Skin in the Game

February 20, 2015

Hurrah, chipping isn’t just for parolees. We can soon all be chipped to avoid the heavy burden of carrying a swipe or NFT lanyard in the office! Last week my favourite BBC reporter, Rory Cellan Jones, was chipped at Epicentre, a new office in Stockholm pioneering under the skin RFID chipping for office environments.

It is possible to operate radio frequency ID chips and similar (let’s call this ‘skintech’) with sub-cutaneous buttons, LED, touch ‘skin screen’ and Bluetooth and even recharge chips wirelessly (phew!) But what of data protection and security? Knowingly or unwittingly, we already grant access to huge amounts of data via our phones, but add real-time, tracked biometric data and ‘personal data’ enters a whole new level. 

In most people’s minds there is some divide between ‘good’ personal data that they are happy to share freely and ‘bad’ personal data they would really rather not reveal without some form of reassurance about its use, processing and storage. The law doesn’t attempt to address this via the Data Protection Act of course, it just defines ‘personal data’ as ‘data identifying a living individual’ which covers the whole gamut of information. It does address issues around sensitive data, but skintech has the ability to move seamlessly between ‘banal’, ‘average’ and ‘sensitive data’ with every action we perform and every breath we take. In those circumstances, is such a basic differentiation still adequate? 

Licensing is another issue that will need reimagining by lawyers if skintech gains traction. Who owns the output data? What about territorial limits to where a download can occur and support is offered? Local laws may not be adequate to protect personal data even if a local comms system is used for convenience to process that data. Surely greater harmonisation of security and data protection regulations will be necessary before users can be reassured that their skintech will work and their data will be safe and secured.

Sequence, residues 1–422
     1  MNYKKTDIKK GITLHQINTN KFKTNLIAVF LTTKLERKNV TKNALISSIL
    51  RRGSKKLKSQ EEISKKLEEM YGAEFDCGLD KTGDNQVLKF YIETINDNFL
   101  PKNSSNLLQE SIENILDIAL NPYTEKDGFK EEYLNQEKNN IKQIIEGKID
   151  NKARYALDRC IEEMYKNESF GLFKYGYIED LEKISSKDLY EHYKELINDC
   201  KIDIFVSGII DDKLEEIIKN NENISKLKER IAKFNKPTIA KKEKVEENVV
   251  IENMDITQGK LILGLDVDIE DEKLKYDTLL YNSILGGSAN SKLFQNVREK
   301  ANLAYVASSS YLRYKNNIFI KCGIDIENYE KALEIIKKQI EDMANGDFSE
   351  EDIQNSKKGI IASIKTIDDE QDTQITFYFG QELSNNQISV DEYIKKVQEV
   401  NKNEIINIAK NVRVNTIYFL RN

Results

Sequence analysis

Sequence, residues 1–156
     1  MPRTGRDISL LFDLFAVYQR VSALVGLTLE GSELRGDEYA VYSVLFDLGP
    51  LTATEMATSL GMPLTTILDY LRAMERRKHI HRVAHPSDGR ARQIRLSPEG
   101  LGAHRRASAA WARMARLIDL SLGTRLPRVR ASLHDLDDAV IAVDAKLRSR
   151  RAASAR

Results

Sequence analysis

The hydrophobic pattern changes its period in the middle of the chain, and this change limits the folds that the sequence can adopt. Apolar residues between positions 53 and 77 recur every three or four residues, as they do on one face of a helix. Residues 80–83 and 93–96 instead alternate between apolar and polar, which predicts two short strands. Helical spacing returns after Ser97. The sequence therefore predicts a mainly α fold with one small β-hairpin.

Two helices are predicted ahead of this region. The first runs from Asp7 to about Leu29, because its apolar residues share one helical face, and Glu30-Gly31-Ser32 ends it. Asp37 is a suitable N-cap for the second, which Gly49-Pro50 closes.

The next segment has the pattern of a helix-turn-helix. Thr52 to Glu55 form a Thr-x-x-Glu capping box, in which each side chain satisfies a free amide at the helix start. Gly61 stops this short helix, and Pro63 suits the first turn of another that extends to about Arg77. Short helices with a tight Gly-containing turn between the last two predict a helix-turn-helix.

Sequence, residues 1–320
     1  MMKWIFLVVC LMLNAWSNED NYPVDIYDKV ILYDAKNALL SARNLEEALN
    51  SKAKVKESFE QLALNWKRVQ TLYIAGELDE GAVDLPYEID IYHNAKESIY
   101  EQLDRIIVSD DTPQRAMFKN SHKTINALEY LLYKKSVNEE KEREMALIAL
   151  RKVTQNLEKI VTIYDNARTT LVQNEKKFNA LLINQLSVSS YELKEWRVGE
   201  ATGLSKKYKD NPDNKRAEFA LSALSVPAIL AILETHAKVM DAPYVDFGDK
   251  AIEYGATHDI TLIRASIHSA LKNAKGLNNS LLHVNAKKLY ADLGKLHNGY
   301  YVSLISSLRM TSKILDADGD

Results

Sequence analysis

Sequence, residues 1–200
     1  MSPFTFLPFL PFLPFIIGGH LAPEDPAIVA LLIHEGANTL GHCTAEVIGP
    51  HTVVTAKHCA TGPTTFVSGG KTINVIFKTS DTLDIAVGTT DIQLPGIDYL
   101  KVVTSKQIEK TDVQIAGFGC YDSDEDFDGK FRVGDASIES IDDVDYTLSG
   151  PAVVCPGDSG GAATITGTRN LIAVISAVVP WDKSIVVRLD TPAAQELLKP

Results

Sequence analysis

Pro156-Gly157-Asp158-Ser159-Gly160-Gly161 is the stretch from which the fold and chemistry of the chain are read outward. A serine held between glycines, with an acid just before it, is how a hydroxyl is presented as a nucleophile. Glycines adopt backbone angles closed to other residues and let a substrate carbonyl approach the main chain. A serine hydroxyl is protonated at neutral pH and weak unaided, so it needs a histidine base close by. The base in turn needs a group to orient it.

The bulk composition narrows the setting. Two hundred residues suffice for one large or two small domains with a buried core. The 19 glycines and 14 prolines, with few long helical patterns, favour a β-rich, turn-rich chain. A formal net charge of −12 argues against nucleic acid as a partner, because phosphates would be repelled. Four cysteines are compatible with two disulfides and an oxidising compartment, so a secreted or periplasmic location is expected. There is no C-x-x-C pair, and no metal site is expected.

And if we have to reimagine licensing, we are going to need to rewrite consumer protection law for skintech. Skintech is a physical device controlled and updated remotely, but will it be governed by physical sale of goods rules or remote download regulations? When it is implanted, will it be subject to click/shrinkwrap terms which are deemed accepted and will it be returnable only in cases of malfunction (in which case who pays for the cost of removal)? Will consumer protection law need to impose strict service levels for data breaches, false readings and fault fixing and strict liability penalties for non-compliance? 

Indemnity terms will have to be tightly drafted to protect users if physical harm results from use, and obviously providers would hold some responsibility for security, but where does the liability lie if the chip is maliciously hacked or an ‘identity’ stolen? We can work around these issues for now and fit our legal principles into these new fields, but will consumer protection, data protection and the tort of privacy really be adequate in the long term?

We all have skin in the game as technology lawyers, so let’s start thinking this through now, you never know when Rory Cellan Jones might need us!

Joanne Frears is Director, IP, Innovation, Technology for Jeffrey Green Russell Limited